The Collegiate Learning Assessment

The Collegiate Learning Assessment (CLA) is a measure of student learning outcomes used to gauge the impact of college on undergraduate students. It is currently is use by hundreds of institutions nationwide. Developed by the Council for Aid to Education (CAE), the CLA was designed to measure skills in core competencies like critical thinking, analytic reasoning, and writing. It is also a tool for measuring the extent of the value-added by the institution throughout students’ academic careers.

While the CLA is conducted online and in a proctored setting, it is unlike most standardized tests that use multiple choice response formats. Instead, the CLA is given in a constructed response format that challenges the student to develop well-crafted responses to various prompts.

NIU has conducted CLA in accordance with our participation in the Voluntary System of Accountability, an accountability initiative by public 4-year institutions to provide clear, comparable information about the institution in a common web template called The College Portrait.

The focus of the CLA is more on the institution as a whole than on the individual student, although students will receive an interpreted report of their scores that shows their strengths and weaknesses among the core learning outcomes, and comparing their performance with that of NIU and the nation as a whole. General intelligence, as measured by ACT or SAT, is used as a control in the calculation of value-added. Aggregate scores on CLA can be compared in two ways: freshmen can be compared to seniors, and/or actual scores and expected scores can be compared for each cohort separately. Expected scores are computed at the institution level using data from all institutions participating in CLA that year. Hierarchical linear modeling is used as the method of analysis. The difference between the actual and expected scores for freshmen is compared to the difference between the actual and expected scores for seniors; the value-added score reflects a comparison of these two differences.

You can find answers to some of the most common questions regarding CLA participation on the CLA-FAQ page for Faculty/Staff and the CLA-FAQ page for Students. Some additional resources are listed below:

CLA frequently asked questions for instructors CLA frequently asked questions for students

CLA Resources

CAE has provided information about CLA; some of those documents are listed below. Additional information can be found by visiting

  • CLA Brochure - Introduction to CLA, skills measured, value-added methodology, and sample measures
  • Common Scoring Rubric - Framework for evaluating skill-level in learning outcomes measured by CLA
  • Scoring Criteria - More traditional rubric for scoring each of the three tasks on CLA
  • Sample Institutional Report - Sample report of aggregate scores received by the institution
  • Sample Student Report - Sample report received by individual students highlighting strengths/weaknesses, interpretation of results, and comparison to other students at NIU and nationwide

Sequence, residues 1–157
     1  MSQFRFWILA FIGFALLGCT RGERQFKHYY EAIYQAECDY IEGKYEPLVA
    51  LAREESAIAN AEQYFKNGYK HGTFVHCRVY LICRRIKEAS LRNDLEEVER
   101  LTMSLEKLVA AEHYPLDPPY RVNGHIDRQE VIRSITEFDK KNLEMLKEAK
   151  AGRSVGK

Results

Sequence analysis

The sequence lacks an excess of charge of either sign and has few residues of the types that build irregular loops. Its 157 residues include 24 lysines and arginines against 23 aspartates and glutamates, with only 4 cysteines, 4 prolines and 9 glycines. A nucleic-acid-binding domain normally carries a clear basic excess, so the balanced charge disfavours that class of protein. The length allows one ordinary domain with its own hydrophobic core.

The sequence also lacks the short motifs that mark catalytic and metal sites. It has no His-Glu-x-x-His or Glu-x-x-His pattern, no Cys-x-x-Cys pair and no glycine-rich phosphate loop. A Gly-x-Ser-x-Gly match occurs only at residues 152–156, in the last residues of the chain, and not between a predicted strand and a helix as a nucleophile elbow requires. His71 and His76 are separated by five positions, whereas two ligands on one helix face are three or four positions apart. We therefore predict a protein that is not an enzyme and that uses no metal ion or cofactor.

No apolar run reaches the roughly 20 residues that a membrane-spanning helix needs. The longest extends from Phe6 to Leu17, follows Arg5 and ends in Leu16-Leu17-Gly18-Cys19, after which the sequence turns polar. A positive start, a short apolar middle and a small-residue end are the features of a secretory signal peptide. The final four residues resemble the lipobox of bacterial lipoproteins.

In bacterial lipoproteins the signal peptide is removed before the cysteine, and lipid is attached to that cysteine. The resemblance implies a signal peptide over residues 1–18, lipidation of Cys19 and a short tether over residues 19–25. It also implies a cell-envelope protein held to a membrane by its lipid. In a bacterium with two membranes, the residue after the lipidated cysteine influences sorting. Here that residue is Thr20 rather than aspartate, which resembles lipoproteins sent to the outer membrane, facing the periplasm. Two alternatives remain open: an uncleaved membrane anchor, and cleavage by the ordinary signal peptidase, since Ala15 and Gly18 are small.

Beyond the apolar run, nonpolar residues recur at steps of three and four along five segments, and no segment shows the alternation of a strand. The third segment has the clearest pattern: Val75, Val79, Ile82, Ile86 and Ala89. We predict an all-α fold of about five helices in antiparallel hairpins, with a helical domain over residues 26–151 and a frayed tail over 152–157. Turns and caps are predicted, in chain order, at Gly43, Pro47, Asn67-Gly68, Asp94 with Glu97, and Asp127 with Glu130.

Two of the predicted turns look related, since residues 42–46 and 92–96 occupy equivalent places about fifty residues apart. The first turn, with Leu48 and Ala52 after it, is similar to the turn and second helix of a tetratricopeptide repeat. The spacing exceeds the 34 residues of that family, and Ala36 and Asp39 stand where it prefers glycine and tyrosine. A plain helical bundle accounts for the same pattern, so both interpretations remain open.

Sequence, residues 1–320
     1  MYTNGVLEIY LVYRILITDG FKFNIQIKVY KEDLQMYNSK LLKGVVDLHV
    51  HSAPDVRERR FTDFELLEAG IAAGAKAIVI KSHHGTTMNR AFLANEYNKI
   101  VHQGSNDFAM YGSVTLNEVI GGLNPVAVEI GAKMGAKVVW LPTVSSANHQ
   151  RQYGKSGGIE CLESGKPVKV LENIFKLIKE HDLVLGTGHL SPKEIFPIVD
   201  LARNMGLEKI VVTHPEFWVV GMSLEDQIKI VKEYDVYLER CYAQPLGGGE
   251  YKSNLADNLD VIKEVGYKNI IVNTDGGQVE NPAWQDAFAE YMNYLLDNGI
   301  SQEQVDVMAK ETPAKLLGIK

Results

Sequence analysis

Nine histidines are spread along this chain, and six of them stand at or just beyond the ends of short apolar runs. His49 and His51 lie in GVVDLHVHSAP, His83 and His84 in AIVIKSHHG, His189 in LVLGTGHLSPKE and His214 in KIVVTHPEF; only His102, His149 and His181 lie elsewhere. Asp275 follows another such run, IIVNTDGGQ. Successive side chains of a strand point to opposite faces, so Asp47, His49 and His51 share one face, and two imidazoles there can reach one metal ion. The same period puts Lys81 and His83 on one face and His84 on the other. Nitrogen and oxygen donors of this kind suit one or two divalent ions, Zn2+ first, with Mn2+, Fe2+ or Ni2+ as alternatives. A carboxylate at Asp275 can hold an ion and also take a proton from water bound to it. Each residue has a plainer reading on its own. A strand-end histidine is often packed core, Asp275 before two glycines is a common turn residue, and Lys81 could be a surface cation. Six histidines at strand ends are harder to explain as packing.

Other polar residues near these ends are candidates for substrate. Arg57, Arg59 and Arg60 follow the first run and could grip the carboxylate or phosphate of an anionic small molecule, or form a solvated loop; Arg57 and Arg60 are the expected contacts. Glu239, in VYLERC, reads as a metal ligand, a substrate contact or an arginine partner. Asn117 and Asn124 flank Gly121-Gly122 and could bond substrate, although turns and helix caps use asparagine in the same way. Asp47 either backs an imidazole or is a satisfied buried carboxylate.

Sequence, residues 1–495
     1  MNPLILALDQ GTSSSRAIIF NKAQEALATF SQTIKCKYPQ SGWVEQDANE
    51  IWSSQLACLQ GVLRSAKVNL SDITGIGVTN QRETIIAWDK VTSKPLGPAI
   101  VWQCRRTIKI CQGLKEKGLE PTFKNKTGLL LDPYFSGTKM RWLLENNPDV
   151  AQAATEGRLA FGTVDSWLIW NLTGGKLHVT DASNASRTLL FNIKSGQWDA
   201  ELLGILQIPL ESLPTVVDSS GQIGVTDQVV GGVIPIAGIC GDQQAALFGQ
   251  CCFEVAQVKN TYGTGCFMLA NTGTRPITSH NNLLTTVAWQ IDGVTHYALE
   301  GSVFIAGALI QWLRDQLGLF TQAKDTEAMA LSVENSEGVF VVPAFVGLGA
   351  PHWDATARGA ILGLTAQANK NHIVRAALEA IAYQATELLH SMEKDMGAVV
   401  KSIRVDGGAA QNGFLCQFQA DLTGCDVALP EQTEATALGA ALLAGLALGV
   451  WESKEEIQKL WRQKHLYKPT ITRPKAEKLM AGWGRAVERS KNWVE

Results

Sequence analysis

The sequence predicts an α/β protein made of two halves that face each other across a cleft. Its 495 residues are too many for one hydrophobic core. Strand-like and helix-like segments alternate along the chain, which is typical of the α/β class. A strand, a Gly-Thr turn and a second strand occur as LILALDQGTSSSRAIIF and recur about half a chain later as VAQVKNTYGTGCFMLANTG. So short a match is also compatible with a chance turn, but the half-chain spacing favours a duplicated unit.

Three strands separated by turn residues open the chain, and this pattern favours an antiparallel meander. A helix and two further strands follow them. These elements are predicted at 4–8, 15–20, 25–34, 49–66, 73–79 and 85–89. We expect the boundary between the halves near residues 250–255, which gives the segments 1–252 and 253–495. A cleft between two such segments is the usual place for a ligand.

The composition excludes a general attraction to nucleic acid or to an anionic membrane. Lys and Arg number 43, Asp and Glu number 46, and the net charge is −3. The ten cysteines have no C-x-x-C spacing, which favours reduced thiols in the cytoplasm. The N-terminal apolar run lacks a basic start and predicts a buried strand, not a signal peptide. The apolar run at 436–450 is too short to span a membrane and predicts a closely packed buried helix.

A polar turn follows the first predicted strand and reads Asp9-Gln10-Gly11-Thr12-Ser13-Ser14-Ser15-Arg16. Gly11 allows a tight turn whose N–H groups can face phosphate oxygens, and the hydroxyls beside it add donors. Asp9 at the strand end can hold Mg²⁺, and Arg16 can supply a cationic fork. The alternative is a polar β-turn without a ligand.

• Technical FAQs - Answers to questions about CLA development, scoring, scaling, analysis, validity, reliability

Student Resources

Participating students received their CLA student score report electronically in the semester following the one in which they participated in CLA. The following resources are available to students on campus should they want to further explore their abilities in critical thinking, analytic reasoning, and writing, the core learning outcomes measured on CLA:

  • University Writing Center, Stevenson South, Tower B, Lower Level, 815-753-6636
    Call or stop by in person to make an appointment at the Writing Center. They can help you address specific areas of writing mechanics that you may wish to strengthen.
  • Academic Advising Center, Academic Advising Center Building, 815-753-2573
    Located between the parking deck and Founder’s Library, the Advising Center can help direct you to specific courses to develop skills in the core learning outcomes measured on CLA.
  • Counseling and Student Development Center, Campus Life Bldg 200, 815-753-1206
    In addition to traditional counseling services, the CSDC provides Coaching for Academic Success, a program that provides study skills in a variety of subject areas that students need to be academically successful.
  • Office of Assessment Services, Adams Hall B20, 815-753-8659
    The Office of Assessment Services (OAS) is involved in the assessment of learning outcomes at the University, program, and course-level, and has an online assessment manual with information about student learning outcomes. Students interested in assisting faculty and staff involved in the assessment of learning outcomes may be interested in the Student Advisory Council on Learning Outcomes (SACLO). For more information, visit the OAS website at www.niu/edu/assessment.